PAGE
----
E. Working with an Evaluation Specialist
Some programs will have the resources and interest in conducting a more comprehensive, complex evaluation and will seek the assistance of a specialist in order to do so. The role of an evaluation specialist and tips for creating a successful product are described here.
The Role of an Evaluation Specialist
If a program plans to use an evaluation specialist, the specialist should be included from the very beginning. The specialist can help identify what can be measured and what questions an evaluation will be able to answer. The evaluation specialist can anticipate potential future problems that may arise when gathering or analyzing particular types of data. For example, the evaluator will recognize the potential effect of seasonal differences in the number of walkers, or the impact political changes might have on enforcement activities. Beyond recognizing the potential problems, however, the evaluator will also know how to deal with them.
A specialist may perform the following tasks:
- Design the evaluation
- Identify and train data collectors
- Collect the data
- Provide interim feedback during the program
- Analyze data and present the findings
- Provide input on recommendations
The evaluator can determine survey tools, train data collectors and decide how to analyze results. Program implementers need to stay in communication with the evaluator to make sure that the processes and products align with expectations.
Finding an Evaluation Specialist
For Safe Routes to School programs, a local college or university will most likely be the best source of evaluators or leads on where to find someone. When seeking an evaluator, consider the following list of desirable characteristics:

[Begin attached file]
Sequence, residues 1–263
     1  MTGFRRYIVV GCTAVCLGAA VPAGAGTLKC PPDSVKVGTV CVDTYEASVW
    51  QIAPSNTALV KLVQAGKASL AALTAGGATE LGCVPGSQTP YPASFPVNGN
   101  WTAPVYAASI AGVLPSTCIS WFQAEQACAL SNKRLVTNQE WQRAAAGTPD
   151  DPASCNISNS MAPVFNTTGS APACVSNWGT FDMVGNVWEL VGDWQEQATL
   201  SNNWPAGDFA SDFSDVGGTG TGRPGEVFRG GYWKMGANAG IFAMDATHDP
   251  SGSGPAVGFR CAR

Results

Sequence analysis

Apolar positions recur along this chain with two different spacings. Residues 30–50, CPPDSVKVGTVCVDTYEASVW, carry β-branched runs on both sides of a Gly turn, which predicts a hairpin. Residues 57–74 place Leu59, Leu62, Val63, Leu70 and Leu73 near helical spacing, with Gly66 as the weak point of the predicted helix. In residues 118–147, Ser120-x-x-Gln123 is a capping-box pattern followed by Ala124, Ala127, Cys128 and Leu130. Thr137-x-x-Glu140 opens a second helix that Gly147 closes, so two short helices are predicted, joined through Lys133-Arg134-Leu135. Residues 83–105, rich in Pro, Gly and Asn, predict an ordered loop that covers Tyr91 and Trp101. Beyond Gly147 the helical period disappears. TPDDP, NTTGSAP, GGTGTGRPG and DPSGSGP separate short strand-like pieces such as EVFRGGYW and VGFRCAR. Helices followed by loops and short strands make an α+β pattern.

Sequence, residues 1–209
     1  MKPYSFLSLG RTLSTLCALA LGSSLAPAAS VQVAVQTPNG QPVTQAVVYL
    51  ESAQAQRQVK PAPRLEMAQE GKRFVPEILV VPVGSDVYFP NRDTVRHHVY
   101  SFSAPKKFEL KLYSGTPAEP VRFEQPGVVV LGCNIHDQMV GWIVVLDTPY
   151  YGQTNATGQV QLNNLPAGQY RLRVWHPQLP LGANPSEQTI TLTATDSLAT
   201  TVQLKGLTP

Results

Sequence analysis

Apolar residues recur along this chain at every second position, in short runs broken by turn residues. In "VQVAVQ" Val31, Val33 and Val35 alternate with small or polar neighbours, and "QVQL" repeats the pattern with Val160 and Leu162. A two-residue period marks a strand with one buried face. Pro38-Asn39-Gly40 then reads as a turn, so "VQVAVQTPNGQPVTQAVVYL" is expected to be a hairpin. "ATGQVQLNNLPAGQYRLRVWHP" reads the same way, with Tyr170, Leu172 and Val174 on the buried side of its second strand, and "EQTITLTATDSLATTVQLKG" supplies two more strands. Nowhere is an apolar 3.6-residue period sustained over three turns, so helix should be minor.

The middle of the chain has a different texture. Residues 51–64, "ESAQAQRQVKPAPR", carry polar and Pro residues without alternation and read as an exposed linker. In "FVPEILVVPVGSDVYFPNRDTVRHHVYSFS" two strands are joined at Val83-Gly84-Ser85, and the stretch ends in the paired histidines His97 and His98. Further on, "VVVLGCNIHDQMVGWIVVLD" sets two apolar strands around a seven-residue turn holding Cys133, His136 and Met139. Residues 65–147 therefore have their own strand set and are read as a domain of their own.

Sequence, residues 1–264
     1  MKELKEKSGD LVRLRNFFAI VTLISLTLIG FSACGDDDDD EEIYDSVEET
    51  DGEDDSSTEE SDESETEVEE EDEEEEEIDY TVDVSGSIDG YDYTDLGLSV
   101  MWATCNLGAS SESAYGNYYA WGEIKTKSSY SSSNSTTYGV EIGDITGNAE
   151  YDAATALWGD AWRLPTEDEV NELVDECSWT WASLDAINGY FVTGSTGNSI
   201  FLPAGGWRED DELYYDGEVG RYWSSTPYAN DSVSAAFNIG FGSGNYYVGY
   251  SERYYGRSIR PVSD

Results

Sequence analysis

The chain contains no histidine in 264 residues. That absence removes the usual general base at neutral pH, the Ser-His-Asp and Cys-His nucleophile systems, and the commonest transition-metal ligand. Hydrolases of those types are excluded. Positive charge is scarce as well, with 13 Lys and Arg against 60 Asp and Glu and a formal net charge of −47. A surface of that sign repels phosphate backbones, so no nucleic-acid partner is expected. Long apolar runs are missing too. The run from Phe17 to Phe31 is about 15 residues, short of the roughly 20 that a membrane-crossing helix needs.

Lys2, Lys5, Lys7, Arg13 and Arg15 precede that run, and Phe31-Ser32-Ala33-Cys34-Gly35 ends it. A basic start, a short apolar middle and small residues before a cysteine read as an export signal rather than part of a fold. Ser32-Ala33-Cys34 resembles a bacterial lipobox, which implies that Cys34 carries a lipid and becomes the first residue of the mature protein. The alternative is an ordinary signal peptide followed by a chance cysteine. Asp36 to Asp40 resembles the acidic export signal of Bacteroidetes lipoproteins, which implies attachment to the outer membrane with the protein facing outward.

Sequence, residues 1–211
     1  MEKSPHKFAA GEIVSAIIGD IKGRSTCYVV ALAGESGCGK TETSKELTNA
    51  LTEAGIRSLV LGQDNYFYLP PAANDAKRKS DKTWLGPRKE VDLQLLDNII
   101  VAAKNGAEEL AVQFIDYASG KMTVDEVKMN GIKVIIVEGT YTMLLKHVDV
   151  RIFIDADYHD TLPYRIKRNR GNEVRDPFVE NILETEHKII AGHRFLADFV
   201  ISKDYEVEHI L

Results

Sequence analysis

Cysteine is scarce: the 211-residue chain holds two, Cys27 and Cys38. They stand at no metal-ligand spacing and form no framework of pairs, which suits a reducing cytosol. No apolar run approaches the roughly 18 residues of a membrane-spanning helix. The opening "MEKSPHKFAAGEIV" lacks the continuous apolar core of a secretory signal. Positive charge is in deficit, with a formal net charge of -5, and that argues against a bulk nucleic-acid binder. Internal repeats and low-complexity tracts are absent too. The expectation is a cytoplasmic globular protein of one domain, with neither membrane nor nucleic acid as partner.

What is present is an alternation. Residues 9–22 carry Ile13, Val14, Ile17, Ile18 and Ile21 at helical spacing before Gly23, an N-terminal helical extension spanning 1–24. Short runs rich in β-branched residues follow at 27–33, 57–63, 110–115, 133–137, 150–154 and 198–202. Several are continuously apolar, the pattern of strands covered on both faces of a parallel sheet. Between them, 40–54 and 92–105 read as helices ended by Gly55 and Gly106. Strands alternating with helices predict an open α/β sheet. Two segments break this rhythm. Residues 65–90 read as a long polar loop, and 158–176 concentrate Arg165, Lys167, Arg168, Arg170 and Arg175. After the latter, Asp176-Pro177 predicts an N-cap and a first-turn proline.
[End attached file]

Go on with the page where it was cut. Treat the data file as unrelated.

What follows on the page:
- Explains evaluation and related processes in understandable terms.
- Demonstrates previous evaluation experience, particularly in use of observations, surveys, and analysis of existing data.
- Writes technical information in a clear, logical manner and uses graphics to help explain findings.
- Knows where to access needed data, such as pedestrian and bicycle injury and fatality rates.
- Has experience working with non-professional data collectors.
- Statistical analyses may be appropriate, depending on what is going to be measured. Describe what is known about the planned program activities and ask the evaluator what he or she would recommend. Ask for a description of situations which would not require statistical analyses. If the answer is “Statistical analyses are always required,” that may indicate a problem.
Adapted from the National Highway Transportation Administration’s Art of Appropriate Evaluation.